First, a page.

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Cruz Campaign to Open Volunteer Residence in New Hampshire

The Cruz campaign could house 40 volunteers nightly for its push on the ground in the key early voting primary state.

U.S. Sen. Ted Cruz attends a "Politics And Eggs" breakfast in Manchester, N.H. on March 16, 2015.

*Editor's note: This story has been updated throughout.

DAPHNE, Ala. — Ted Cruz's presidential campaign is opening a residence for volunteers in New Hampshire as it continues to build out its ground game in the early voting states. 

The residence, which sleeps 40 people every night, will be housed in an old college outside Manchester, Cruz campaign manager Jeff Roe told reporters before a rally here. The volunteer hub will be up and running from Jan. 4 through the Feb. 9 primary. 

The residence will be similar to one the campaign opened earlier this month in Iowa, where it is housing a "strike force" of volunteers, mostly from Texas. The New Hampshire site is expected to draw from volunteers in the Granite State and surrounding states. 

The effort in the Hawkeye State has already drawn so much interest that the campaign has obtained a second building to house additional volunteers, Roe said. The second building will have a similar capacity as the initial one — 24 rooms and 48 beds — and open for the final two weeks before the Feb. 1 caucuses.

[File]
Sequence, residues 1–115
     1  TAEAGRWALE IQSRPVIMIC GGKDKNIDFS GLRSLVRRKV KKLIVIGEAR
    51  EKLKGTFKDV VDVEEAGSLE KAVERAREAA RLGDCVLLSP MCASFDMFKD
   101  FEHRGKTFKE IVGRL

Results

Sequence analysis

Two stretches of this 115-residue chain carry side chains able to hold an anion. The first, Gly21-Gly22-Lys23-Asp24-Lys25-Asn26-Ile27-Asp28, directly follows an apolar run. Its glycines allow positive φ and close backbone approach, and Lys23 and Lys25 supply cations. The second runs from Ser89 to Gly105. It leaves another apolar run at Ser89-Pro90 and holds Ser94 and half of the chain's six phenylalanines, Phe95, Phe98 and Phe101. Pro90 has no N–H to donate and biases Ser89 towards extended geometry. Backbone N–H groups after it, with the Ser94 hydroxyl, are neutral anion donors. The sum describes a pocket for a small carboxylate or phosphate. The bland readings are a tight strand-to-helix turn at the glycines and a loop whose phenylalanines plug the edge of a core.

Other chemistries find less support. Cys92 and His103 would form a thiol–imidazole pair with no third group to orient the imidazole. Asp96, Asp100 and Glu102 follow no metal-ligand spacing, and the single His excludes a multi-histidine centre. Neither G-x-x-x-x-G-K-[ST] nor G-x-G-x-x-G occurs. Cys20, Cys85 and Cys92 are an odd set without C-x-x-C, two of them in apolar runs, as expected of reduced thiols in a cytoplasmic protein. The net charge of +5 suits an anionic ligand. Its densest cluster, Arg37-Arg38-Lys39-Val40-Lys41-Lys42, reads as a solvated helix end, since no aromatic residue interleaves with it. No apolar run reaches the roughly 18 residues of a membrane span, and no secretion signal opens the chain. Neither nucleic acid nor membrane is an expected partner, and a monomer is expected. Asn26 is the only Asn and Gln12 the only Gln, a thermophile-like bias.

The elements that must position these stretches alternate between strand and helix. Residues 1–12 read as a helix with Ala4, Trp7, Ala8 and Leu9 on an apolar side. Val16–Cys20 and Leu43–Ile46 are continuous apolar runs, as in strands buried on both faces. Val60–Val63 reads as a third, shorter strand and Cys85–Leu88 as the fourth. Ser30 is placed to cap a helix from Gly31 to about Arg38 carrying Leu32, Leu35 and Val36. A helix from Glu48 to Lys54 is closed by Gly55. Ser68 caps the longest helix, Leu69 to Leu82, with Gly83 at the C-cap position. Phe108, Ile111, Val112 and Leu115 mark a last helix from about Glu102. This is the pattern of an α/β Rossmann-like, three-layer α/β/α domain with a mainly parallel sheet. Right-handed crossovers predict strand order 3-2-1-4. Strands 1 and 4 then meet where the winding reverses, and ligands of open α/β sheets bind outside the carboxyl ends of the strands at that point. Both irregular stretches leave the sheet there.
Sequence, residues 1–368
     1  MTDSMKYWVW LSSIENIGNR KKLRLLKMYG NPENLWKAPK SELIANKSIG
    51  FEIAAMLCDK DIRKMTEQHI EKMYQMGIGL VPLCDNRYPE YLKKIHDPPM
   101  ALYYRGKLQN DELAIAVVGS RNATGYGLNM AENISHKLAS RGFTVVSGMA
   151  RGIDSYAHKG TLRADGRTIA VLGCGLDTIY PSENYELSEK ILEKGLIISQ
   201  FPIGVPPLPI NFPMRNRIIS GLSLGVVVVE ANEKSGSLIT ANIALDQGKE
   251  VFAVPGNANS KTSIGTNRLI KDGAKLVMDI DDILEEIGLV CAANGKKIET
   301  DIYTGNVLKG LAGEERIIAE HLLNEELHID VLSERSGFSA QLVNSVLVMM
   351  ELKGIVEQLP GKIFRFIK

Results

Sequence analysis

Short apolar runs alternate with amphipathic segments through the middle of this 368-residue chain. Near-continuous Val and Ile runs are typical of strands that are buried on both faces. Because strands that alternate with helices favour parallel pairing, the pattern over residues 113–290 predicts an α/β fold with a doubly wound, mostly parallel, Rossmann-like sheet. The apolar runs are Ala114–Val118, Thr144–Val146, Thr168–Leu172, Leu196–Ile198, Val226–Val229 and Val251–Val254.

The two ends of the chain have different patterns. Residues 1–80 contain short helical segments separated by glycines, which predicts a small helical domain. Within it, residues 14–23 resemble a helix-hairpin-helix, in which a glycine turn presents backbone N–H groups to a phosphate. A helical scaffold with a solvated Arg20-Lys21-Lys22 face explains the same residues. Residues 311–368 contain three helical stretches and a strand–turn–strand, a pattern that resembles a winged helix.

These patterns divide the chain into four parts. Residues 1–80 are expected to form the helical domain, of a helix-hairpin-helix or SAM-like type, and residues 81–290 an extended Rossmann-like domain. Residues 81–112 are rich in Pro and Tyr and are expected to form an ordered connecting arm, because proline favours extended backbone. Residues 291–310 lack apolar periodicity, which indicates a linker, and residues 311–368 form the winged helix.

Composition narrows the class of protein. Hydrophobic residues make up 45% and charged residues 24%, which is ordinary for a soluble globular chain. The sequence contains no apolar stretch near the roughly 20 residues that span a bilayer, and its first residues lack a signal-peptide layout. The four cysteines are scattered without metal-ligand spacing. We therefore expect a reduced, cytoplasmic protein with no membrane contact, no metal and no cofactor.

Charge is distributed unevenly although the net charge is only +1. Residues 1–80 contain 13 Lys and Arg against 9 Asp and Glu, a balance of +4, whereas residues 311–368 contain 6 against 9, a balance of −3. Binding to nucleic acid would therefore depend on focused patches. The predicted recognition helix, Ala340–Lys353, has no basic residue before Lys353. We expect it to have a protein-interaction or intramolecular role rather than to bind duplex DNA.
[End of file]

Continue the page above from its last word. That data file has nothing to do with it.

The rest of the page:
In recent days, the campaign of one of Cruz's chief GOP rivals, Marco Rubio, has questioned Cruz's commitment to New Hampshire. Cruz and his aides have insisted they are "all in" across the map. 

In an interview Friday on Fox News, Cruz — who is No. 1 in Iowa, according to some polls — raised his own questions about Rubio's viability. Cruz is currently No. 1 in Iowa, according to some polls.

"If you look at the early primary states, Marco is not leading in any state," Cruz told host Greta Van Susteren. "He's not leading in any state."

Cruz has not visited New Hampshire in more than a month but is expected to return to the state in January.

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Politics 2016 elections Ted Cruz